Anyone who has lived through a recession or two—and will therefore never take for granted the availability of jobs—might be aghast to learn of a nascent trend in the labor market: People are “ghosting” employers, according to LinkedIn.
If you’re old enough to vividly remember the last recession, however, you might also need an interpreter for this one. To “ghost” means what again? And where did it come from?
When Harry ghosted Sally
Ghost, the verb, is millennial parlance for vanishing from a relationship without warning or explanation. It has been common practice in online dating for last two or three years, at least, and it typically refers to online conversations.
Imagine it’s a Thursday and two people are texting hourly, making brunch plans for the weekend, perhaps trading deeply felt emotions. Come Friday, however, if one half of the duo stops replying, they have probably ghosted, abandoning the other with a radio silence that is never broken.
My millennial colleagues tell me that ghosting after a few months of dating would be upsetting, but after one week, it’s no big deal. Just another flavor of the same fits-and-starts style communication that’s to be expected between family and friends. This one just doesn’t start again.
“No one wants to have an uncomfortable conversation where they basically are like, ‘I don’t like you, and here’s why, and I don’t feel like hanging out with you is worth my time,'” says Arielle Ray, a 26-year-old Quartz video journalist
Peter Sokolowski, editor-at-large at the Merriam-Webster dictionary, where he has pored over words for 24 years, tells Quartz that although ghost, in the sense that we use it today, was introduced to the Merriam-Webster dictionary in 2017, it’s actually been around much longer.
His team of lexicographers found one of the first references to this “ghost” in a 14-year-old entry in the Urban dictionary, a crowdsourced site where users define popular slang. In 2004, someone who goes by the handle “Falken”offered: “Adjective describing someone who has left or in the process of leaving,” as in “OS turned Falken into a ghost,” and “I’m ghost.”
Such early appearances of ghosting, Sokolowski wrote on the Merriam-Webster blog, “make the electronic aspect clear—setting your IM status to invisible so you won’t be obliged to answer, refusing to answer or even read texts, letting calls go to voicemail.”
More recently, however, some editors at Merriam-Webster discovered an even older example in a newsgroup on Usenet, a chatroom room-style networked communications system that predates today’s web by a decade. In 1996, one member of a golf enthusiasts group wrote, “My instructor ‘ghosted’ me…should I lose the bum.”
Surprisingly, one of the first documented uses of “ghost” as a verb has been traced back centuries, to Shakespeare, who used “ghost” in the play Antony and Cleopatra. In his day, it meant “to haunt,” says Sokolowski, and Pompey tells his audience that “Brutus ghosted” Julius Caesar.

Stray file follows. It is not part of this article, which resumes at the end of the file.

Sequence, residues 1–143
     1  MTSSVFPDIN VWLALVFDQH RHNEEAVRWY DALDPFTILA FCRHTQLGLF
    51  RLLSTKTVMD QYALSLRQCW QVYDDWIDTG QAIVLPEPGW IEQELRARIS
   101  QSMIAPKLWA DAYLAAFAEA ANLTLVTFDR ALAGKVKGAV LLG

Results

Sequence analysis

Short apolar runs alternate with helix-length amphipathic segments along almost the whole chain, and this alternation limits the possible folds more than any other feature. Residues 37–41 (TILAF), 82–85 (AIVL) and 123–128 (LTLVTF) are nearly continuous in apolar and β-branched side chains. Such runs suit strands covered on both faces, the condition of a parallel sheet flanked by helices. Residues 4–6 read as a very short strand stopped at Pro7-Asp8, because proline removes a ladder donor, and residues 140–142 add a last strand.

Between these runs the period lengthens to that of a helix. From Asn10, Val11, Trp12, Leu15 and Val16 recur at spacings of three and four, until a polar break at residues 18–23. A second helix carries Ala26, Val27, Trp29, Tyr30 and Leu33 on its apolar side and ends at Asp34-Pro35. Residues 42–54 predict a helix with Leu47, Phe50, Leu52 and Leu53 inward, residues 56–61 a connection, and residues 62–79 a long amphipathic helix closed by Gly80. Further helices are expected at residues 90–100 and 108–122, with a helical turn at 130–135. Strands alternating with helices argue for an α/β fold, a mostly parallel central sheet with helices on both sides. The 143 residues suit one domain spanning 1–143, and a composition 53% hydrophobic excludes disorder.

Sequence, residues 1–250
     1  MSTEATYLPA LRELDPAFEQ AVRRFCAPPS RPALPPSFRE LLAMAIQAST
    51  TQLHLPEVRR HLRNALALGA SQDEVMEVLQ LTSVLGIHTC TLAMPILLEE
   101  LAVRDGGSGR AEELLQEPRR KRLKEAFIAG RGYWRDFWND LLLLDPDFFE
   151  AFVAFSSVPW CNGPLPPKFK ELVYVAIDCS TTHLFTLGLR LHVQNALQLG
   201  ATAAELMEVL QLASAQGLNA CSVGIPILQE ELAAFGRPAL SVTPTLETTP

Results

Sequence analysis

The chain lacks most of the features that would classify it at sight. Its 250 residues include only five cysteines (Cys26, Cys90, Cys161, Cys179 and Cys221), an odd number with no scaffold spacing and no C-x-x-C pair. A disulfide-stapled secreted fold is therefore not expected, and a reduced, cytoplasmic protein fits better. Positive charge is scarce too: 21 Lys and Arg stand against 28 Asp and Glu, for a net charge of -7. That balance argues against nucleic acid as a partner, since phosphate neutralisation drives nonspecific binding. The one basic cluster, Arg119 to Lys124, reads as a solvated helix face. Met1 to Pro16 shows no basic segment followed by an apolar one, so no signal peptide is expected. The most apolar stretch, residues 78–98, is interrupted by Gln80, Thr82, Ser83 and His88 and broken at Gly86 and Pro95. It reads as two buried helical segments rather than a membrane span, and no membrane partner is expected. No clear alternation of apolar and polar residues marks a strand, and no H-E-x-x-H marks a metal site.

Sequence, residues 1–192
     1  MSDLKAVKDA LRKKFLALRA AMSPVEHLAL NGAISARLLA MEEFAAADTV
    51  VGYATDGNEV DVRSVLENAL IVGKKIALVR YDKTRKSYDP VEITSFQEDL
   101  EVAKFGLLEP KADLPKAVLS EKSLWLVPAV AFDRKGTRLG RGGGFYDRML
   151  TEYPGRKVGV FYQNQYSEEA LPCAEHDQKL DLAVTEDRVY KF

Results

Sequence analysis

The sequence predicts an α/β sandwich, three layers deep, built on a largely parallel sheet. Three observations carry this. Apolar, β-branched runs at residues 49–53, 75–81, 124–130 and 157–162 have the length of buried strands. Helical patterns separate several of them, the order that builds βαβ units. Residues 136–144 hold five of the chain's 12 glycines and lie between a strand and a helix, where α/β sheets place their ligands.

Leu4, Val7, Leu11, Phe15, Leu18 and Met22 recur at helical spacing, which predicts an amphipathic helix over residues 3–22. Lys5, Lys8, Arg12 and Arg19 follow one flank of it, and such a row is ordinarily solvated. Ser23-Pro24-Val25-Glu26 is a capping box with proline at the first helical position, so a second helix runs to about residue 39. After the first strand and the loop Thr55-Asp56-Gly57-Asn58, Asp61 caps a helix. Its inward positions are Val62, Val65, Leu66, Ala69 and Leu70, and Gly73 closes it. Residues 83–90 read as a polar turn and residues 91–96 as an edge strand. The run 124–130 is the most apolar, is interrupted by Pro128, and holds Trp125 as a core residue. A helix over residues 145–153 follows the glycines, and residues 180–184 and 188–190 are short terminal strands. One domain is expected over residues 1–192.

(As a side note, Sokolowski points out that texting, through which most of today’s ghosting’s happens, was also a verb that Shakespeare employed. The Oxford English Dictionary defines one use of “text” in Much Ado About Nothing as “to write.”)
Later, to ghost would come to mean to die, as in “to give up the ghost.” And before its most current iteration, it was shorthand for ghostwriting, and for leaving a party without saying goodbye.
The modern ghosting’s appearance in a new context is an example of what lexicographers call “drift,” says Sokolowski.
“Where once it was companies ignoring job applicants or snubbing candidates after interviews, the world has flipped,” LinkedIn editor Chip Cutter wrote. “Candidates agree to job interviews and fail to show up, never saying more. Some accept jobs, only to not appear for the first day of work, no reason given, of course. Instead of formally quitting, enduring a potentially awkward conversation with a manager, some employees leave and never return.”
His opening anecdote tells of a West Coast recruiter who became obsessively worried about a software engineer that wasn’t answering any messages or calls, just as the recruiter was about to make an offer. Had this applicant been hurt in a car accident or fallen ill? No. She was just a young person in a job-seekers’ market (at least for her cohort) in 2018.
Still, it’s hard to imagine ghosting ever becoming as prevalent and unexceptional at the office as it is in the wilds of online dating. Surely employers and recruiters will have a long memory, stretching past this strong market cycle? Certainly job candidates— or their parents or mentors — will come to realize this?
If those doing the ghosting are aware enough to know that it’s poor form, life will eventually teach them a lesson about hubris. (One has to hope.)
Either way, its lexiconic persistence pleases Sokolowski, who calls it a “terrific” word.
“I don’t have much opportunity to use it.” he says. “My electronic communication usually involves people who answer.”